Archive for the ‘Boff’ Category

Pannenberg – Systematic Theology Volume 3 (Part I)


A couple of thoughts:

1) Boff and the Kingdom – Pessimistic Pannenberg chides Boff and liberation theology for believing that “church-incited revolutionary action can actualize the righteousness of God’s kingdom even in social practice” (55). Pannenberg believes that we must be mindful of the perversion of human nature, and the fact that God brings about God’s Kingdom. Of course, he declares that the church has no space to be silent in the face of injustice, but we can never “establish the full and final righteousness of the reign of God” (55). This strikes me as bizarre and naïve. Do liberation theologians really believe that they are somehow working independently of God to achieve their hope for justice and emancipation? Haven’t liberation theologians been much more “sober” in realizing just how sinful humans can be, especially systems of structural injustice?

2) Personal Jesus – Pannenberg criticizes, “individualistic Jesus-piety [that] passes too lightly and quickly over the fact that the work of Jesus including the forming of a band of disciples, the symbolical relating of the Twelve to the people of God and of common meals to the future fellowship of God’s Kingdom” (125). This pious Christianity fails to take seriously the importance of the church and the body of Christ, which demands a sharing and solidarity with fellow believers

3) Faith – Faith is historical knowledge plus trust (or perhaps what the psychoanalyst Erik Erikson termed ‘basic trust’). Faith can never be a content-less knowledge. To some extent, it is always based on our understanding of the history of Jesus of Nazareth (145). Our knowledge of God and Christ is always provisional (154). He believes that it is cowardly and pathetic for us to declare that, “the historical knowledge presupposed in Christian trust to be itself a matter of faith and in this way evading all criticism. If we do that, faith falls victim to the perversion of being its own basis and is robbed of any sense of having a ground in history preceding itself” (154). This is Pannenberg at his best, and something I appreciated throughout his dogmatics. Christian theology cannot immunize itself from external critique, lest it sequesters itself into the safe halls of the seminary burying its hand in the sand avoiding all conversations with other disciplines. Christian theology has to risk itself otherwise it quickly becomes meaningless ideology.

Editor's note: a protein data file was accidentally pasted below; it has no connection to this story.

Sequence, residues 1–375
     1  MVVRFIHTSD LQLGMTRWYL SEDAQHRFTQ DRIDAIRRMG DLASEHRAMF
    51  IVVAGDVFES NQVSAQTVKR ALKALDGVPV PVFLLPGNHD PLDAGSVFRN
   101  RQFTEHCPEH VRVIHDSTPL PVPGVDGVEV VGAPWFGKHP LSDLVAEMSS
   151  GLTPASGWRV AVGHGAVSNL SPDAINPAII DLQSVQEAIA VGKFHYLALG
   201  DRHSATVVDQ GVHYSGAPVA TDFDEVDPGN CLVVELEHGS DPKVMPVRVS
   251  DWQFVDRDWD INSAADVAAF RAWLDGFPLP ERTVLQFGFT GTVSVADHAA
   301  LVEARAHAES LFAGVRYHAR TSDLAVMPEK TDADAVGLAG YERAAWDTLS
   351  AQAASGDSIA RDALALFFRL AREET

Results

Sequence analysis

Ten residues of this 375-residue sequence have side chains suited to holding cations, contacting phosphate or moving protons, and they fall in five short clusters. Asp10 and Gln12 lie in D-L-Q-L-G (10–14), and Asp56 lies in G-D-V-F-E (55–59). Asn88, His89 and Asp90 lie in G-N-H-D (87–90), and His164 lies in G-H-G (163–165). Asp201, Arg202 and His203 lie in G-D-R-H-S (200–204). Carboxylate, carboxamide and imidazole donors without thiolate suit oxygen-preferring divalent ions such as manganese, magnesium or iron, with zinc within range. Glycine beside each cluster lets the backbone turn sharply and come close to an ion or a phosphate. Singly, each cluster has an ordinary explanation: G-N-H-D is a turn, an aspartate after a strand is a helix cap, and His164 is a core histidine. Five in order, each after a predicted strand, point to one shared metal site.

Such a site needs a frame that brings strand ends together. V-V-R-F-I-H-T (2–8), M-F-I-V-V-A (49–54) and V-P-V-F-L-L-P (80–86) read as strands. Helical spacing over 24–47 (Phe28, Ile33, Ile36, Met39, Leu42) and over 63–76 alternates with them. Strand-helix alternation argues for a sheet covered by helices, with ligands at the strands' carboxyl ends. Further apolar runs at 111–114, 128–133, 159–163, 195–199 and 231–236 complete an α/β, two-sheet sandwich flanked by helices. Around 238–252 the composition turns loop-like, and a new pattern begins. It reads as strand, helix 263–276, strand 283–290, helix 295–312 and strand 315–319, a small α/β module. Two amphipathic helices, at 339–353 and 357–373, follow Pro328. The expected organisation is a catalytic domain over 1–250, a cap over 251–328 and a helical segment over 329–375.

Althaus-Reid’s Indecent Theology Part I


I’m going to be writing three posts on Althaus-Reid’s Queer God and Indecent Theology. The first two posts will focus on the Indecent Theology, and I’ll post another on the Queer God.

Indecent Theology is a courageous book, an ethical book, and ultimately a profoundly offensive book of liberation theology. But aren’t all the greatest theological works profoundly offensive? What I found to perhaps to be the most enjoyable part is the irreverent wit of Althaus-Reid. She lambasts systematic theology and liberation theology for turning a blind ear to the theological issues of women and the LGBTQ community. I want to highlight some choice quotes and offer some reflections. I stress the ethical nature of this book as well because Althaus-Reid recalls her great apprehension of publishing this text expecting all sorts of critiques and loss of friendship. Fortunately, for us, she had the courage to publish the manuscript.

“Indecent Theology works here as a coming-out process which consists of simply doubting a traditions of sexual presuppositions, a process that being public can have transformative political implications” (69).

A truly indecent theology will be forced to rethink the many tacit sexual presuppositions that remain overlooked in Systematic Theology.